Whether you started your own business before or after the Covid-19 pandemic, you’ll agree that it’s a never-ending learning experience.
Today, we’re learning to live with the virus as part of our everyday lives. And that businesses, big and small, are now the lifeblood of restarting our economy.
What does this all mean for small business owners moving forward? You’re in for some road bumps, that’s for sure. But do things right, and the best parts of your journey are yet to come.
Whether it’s your main source of income or just complimentary, owning a well-managed business at this time is a progressive way of facing our collective economic challenge. Our goal is to provide you with simple things to keep in mind when jump-starting your own business in the Philippines.
We’ve read, watched, and witnessed so many of our fellow Filipinos shift to the small business industry. In this way, many are earning for themselves, and providing essential (and sometimes not-so-essential) products and services to people.
On August 11, 2020, the Department of Trade and Industry (DTI) released data showing 68,000 online businesses have registered with the government. This snapshot shows that Filipinos are adapting to this e-commerce wave. Right now, businesses, new and old, are shifting to the convenience of digital. It may seem intimidating, but it still takes on the basic principles of doing business.
First is determining the business you’re venturing into. What needs or want would you want your business to offer as a solution? By identifying this, along with your business name, you’ll be able to set your goals. Next is the essentials of supplies, couriers, modes of payment, etc. These are not to be taken lightly and could dictate how many customers will be attracted to your business.
In this time of a pandemic, try to establish payment methods that encourage cashless transactions such as registering a bank account as one of the modes of payment or through apps like GCash and PayMaya.
Once settled, legitimize your business name by registering it through the DTI. DTI’s programs such as their Negosyo Center can assist you with your business matters, and further empower your entrepreneurial spirit.
Market Your Products
For many products, e-commerce is the way, now and beyond this pandemic. Digital will continue to be the most convenient and safe way to do business compared to brick-and-mortar, which seems to streamline every year. Choose a social media network that will be the main platform to exhibit your product or service. Facebook and Instagram are the two most popular platforms for local entrepreneurs right now.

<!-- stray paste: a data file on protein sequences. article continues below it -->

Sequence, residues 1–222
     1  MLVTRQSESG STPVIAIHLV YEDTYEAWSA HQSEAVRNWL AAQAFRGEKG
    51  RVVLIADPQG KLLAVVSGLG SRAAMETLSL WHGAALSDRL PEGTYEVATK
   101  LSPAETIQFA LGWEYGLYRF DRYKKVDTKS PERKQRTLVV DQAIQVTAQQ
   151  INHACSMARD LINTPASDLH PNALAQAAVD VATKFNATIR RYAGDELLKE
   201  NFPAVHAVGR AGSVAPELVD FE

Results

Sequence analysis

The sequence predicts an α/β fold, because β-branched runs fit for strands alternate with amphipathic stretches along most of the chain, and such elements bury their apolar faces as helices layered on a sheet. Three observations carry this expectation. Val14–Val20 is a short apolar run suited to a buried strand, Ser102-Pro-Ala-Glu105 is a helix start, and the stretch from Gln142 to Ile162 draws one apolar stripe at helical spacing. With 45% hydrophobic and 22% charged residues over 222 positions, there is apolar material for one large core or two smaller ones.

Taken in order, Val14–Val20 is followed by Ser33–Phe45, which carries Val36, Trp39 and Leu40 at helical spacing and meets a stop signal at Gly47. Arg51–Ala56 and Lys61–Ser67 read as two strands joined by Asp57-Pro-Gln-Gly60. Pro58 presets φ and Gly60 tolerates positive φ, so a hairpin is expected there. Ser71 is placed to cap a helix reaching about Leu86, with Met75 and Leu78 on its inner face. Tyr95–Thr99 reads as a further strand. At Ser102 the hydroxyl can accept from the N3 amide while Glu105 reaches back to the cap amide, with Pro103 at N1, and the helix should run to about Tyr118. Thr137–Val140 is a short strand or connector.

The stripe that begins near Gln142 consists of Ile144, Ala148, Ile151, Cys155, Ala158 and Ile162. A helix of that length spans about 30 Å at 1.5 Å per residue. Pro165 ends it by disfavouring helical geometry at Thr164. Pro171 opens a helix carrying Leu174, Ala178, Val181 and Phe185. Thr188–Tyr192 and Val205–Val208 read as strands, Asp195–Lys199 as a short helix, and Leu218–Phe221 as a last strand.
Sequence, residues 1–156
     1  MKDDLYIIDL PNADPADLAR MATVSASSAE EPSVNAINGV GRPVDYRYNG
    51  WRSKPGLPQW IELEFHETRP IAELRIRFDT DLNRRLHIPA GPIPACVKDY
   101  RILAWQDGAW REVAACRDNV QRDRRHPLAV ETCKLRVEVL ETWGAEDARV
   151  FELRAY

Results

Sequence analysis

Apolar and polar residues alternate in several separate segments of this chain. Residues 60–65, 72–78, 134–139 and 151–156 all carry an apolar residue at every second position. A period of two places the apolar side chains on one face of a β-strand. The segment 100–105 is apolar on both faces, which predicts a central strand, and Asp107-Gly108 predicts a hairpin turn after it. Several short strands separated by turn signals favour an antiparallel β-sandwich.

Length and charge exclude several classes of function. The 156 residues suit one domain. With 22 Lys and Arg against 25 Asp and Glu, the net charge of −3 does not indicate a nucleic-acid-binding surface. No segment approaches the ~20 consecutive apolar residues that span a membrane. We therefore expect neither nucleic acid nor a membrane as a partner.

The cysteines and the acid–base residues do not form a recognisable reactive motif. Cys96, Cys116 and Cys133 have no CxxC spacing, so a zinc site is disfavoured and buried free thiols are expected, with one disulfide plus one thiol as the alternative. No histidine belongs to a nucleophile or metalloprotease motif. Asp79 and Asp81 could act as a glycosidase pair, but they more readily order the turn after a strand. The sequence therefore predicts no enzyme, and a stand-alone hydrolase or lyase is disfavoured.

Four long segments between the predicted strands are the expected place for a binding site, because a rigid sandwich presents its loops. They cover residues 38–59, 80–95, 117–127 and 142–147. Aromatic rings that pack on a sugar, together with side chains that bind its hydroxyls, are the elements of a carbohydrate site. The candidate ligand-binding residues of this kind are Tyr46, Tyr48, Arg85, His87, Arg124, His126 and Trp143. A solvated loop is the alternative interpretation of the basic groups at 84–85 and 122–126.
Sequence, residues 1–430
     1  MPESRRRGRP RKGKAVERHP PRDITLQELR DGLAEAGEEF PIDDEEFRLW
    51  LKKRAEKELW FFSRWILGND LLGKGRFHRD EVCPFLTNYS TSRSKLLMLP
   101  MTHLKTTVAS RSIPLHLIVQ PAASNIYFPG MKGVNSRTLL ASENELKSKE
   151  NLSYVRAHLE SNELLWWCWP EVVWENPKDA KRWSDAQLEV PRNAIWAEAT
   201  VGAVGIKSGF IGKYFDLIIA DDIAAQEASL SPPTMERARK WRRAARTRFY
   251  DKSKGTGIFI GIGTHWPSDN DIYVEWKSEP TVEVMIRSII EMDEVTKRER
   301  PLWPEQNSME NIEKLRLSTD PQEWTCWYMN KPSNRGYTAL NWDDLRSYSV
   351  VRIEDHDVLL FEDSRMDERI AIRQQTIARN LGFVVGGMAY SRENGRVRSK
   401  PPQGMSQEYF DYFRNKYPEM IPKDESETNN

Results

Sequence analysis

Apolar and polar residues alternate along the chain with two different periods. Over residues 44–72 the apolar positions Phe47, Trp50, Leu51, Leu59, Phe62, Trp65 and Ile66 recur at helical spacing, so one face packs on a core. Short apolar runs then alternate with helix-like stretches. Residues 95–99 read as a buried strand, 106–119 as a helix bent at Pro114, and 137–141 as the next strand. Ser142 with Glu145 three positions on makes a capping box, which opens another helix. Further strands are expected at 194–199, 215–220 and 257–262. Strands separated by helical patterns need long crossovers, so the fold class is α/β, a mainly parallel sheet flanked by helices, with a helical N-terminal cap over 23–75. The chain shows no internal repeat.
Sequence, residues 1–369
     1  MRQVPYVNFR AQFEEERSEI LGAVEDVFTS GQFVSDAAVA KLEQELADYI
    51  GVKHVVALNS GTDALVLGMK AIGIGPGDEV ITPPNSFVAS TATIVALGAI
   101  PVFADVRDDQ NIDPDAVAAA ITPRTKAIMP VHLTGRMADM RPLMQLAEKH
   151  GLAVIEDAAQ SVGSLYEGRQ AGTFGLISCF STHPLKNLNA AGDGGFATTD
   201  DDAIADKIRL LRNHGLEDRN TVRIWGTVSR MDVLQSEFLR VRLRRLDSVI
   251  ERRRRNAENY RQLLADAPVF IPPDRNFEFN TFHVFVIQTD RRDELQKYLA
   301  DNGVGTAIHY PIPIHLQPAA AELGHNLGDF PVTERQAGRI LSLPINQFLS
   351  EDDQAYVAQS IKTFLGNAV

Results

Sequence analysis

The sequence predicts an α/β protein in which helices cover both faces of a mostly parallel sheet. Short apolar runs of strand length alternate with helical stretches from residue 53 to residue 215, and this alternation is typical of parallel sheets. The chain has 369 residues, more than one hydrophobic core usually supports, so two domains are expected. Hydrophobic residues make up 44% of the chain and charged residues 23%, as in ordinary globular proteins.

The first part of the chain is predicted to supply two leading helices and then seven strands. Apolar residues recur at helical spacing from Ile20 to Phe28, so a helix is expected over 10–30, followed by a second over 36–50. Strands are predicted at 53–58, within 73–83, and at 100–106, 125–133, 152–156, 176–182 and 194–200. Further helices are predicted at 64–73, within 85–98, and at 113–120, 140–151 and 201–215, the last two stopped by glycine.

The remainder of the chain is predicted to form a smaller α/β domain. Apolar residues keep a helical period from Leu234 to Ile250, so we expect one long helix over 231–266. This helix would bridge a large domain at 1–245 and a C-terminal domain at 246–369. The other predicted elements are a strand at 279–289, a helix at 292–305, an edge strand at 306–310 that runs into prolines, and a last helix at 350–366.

Why the distinction? This is because of varying audience and audience behavior. Many products will not do well on Instagram, for instance, while some can do fantastically. It’s okay to do both, but will be very time-consuming. Whichever you choose, use it to your advantage. Don’t hold back. Post your goods, respond to comments publicly, let your customers tag you, and use it as living proof of your business’s remarkable product or service.
Keep Learning, Keep Improving
Utilize your first sales and customers by asking for feedback. Good entrepreneurs adapt to change, and this could mean befriending your suki. Don’t be discouraged whatever the review may be, but use it as a chance to improve your own business. Welcome honest reviews, as this will show future customers that you’re working double-time to do better.
In terms of government support, DTI’s Negosyo Center was created to give assistance to small, budding entrepreneurs in the country. Technical Education and Skills Development Authority (TESDA) on the other hand, offers business courses and other skills improvement training that can serve as instruments towards business success. Take advantage of these options.
These are several things to keep in mind when starting anything, whether a business or a new career.
At this point, we’ve realized that connections are really important, but not having many isn’t a hindrance at all. Yes, getting your friends and family to ‘Like’ your Facebook page is good, but don’t spend too much time on that. The same goes for direct sales. Don’t waste your time on people who may not really care. Instead, search further for those who will.
We don’t believe that there is a single approach to turning your own business to an overnight sensation, but more often than not, it is character-building. Pour yourself into it, and the road to success will be worth the trip.